Green Lantern #4 (2021) is written by Geoffery Thorne, illustrated by Tom Raney and Marco Santucci, colored by Michael Atiyeh, and lettered by Rob Leigh. It is published by DC Comics. “Polarity” picks up in the aftermath of Green Lantern #3, as John Stewart works to stay one step ahead of the invading Qinoori slavers. Meanwhile, Jo Mullein and Keli Quintela work together to discover who destroyed the Green Lanterns’ central power battery on Oa-and the prime suspect is one of the Lanterns’ deadliest foes!
The Future State: Green Lantern series saw a world where the Green Lanterns were scattered across the galaxy and forced to survive without their power rings. Thorne and Raney continue to inch even closer to this status quo, as Stewart uses alien weaponry and his strategic skills as a Marine to outwit the Qinoori. Raney’s artwork even calls back to Future State, with Stewart sporting a uniform that feels more modern and militaristic than his de facto Green Lantern uniform. The Qinoori themselves are massive, muscular beings clad from head to toe in silver armor, with Aityeh giving them dark pink skin that serves as the perfect contrast. Stewart also broadcasts a message to the Qinoori that is depicted in large green letters thanks to Aityeh and Leigh; it’s also the standout moment of the issue.
Santucci illustrates the story focused on Jo and Keli, which takes place in the ruins of Oa. The transition from Stewart’s story to theirs is rather seamless, as Stewart is shown kneeling in despair after learning what’s been happening to his fellow Lanterns. It then transitions to Santucci’s illustration of Jo in the same pose, going through the same news. Santucci also gives Keli a new costume that feels like a superhero costume, and in typical teenage fashion, she chafes at having to wear it.
In addition to setting up the Future State storyline, Thorne continues to showcase Stewarts’ skills and leadership abilities which has made me a very happy reader. Stewart has arguably become the face of the Green Lantern mythos due to his role in the Justice League and Justice League Unlimited animated series, so I’m thankful that a writer is finally letting him have his chance to shine. And the book continues to prove that even without his ring, Stewart is a force to be reckoned with. Thorne also plants seeds of tension between Jo and Keli as the former tries to hold together what remains of the Green Lantern Corps, and the latter chafes at Jo’s instructions as befitting a teenager. Funnily enough, these interactions reminded me of Denny O’Neil and Neal Adams’ Green Lantern/Green Arrow run, which also paired two dissimilar characters together and let them learn from each other. If that’s the vibe Thorne is going for, I welcome it.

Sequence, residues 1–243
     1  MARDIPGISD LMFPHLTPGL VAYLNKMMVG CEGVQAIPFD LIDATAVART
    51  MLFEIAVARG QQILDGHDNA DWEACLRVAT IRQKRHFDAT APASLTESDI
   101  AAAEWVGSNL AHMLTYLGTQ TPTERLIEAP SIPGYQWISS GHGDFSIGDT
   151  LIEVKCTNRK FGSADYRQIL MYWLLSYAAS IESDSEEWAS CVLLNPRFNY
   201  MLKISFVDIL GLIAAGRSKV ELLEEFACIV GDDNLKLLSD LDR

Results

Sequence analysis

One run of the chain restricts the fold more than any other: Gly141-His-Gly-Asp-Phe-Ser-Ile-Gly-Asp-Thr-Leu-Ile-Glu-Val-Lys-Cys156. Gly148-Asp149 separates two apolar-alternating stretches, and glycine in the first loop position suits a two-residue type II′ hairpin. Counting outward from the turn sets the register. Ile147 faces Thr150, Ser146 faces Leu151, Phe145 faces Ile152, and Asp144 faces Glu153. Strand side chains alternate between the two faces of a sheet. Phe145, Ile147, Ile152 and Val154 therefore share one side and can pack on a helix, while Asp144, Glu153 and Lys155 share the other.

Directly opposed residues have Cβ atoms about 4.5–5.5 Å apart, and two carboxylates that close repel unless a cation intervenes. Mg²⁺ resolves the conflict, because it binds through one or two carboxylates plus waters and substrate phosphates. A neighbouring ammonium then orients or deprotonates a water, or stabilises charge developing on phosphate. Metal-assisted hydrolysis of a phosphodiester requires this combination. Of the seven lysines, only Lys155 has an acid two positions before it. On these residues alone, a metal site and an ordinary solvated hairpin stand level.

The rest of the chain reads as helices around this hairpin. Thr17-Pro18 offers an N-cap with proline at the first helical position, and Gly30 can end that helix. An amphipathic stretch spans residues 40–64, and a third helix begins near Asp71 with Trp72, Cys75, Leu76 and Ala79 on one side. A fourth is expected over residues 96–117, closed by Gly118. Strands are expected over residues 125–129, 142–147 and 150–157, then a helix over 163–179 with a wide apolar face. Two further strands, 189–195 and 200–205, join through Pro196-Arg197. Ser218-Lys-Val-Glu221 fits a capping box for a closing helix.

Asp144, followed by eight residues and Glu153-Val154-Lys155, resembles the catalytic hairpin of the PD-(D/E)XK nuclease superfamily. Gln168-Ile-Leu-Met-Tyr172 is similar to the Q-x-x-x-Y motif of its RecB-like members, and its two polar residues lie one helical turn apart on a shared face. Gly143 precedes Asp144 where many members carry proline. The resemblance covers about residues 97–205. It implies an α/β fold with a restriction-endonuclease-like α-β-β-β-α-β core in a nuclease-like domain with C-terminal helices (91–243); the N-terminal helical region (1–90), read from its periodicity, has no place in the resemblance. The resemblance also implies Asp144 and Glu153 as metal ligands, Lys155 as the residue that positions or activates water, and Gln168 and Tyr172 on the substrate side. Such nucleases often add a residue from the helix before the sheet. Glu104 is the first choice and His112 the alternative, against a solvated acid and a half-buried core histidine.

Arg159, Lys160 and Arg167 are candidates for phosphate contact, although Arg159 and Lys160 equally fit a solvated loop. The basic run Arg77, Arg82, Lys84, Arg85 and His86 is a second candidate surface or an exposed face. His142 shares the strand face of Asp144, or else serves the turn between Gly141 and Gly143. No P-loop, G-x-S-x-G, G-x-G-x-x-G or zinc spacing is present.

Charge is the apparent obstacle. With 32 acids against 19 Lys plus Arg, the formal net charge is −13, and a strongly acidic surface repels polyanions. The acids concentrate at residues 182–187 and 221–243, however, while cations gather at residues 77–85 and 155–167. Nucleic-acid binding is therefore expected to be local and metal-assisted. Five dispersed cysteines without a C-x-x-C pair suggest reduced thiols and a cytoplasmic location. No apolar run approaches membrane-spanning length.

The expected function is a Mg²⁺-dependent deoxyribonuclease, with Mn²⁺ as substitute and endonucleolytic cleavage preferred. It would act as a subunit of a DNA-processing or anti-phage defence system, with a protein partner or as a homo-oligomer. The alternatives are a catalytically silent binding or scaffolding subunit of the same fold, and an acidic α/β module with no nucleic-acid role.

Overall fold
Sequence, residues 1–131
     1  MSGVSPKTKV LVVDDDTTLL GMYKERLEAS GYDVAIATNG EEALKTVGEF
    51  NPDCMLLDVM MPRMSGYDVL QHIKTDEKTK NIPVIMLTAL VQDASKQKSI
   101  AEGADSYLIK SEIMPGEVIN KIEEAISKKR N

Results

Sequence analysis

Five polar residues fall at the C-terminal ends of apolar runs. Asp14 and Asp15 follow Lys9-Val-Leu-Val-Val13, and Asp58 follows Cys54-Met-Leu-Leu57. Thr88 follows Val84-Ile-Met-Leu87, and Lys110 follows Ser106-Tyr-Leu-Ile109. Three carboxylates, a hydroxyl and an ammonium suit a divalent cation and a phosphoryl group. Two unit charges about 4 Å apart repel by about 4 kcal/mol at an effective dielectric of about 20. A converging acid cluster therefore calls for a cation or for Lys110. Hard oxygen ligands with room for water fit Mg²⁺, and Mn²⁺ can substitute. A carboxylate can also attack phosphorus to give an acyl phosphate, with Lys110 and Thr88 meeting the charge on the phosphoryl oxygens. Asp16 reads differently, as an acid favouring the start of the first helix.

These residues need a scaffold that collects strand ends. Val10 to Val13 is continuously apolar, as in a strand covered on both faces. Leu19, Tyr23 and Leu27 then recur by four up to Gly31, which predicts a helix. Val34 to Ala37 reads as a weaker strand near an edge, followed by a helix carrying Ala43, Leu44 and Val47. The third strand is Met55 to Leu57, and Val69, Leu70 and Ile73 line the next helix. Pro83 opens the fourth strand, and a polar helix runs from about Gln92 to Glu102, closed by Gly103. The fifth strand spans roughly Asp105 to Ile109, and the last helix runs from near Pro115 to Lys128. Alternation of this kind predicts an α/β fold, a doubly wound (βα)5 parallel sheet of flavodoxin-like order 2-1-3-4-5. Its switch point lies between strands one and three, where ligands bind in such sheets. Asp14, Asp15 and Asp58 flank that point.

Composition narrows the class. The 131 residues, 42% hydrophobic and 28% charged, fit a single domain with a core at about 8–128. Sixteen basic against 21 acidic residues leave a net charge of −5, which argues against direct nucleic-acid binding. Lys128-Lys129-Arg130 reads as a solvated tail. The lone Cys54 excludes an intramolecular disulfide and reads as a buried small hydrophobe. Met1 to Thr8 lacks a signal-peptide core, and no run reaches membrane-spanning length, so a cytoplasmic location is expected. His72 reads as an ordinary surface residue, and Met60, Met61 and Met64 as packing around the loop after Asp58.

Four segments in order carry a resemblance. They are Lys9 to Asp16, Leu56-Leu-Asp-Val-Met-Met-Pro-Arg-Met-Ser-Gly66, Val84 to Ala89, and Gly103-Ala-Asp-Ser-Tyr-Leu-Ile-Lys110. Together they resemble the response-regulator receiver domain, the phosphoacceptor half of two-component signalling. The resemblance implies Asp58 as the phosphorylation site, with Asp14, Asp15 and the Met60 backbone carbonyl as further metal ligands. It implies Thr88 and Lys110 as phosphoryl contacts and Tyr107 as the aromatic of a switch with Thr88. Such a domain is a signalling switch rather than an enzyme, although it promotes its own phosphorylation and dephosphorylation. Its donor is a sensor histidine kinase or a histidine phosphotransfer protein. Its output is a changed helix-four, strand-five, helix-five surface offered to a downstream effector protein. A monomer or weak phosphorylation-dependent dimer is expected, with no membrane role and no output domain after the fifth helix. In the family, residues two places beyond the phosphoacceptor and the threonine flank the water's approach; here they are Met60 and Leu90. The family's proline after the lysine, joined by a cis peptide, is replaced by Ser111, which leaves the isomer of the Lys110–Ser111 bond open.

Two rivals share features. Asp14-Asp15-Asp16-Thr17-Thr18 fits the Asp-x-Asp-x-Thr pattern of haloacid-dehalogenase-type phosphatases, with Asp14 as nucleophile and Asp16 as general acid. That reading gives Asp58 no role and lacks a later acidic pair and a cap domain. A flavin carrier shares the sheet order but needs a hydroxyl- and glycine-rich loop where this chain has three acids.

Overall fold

Green Lantern #4 (2021) continues to inch John Stewart and his fellow Lanterns closer to their Future State status while providing a rollicking sci-fi adventure. With the possible reintroduction of a classic GL enemy, it looks like the Lanterns are in for the biggest fight of their lives.
Green Lantern #4 (2021) is available now wherever comics are sold.
Green Lantern #4
Green Lantern #4 continues to inch John Stewart and his fellow Lanterns closer to their Future State status while providing a rollicking sci-fi adventure. With the possible reintroduction of a classic GL enemy, it looks like the Lanterns are in for the biggest fight of their lives.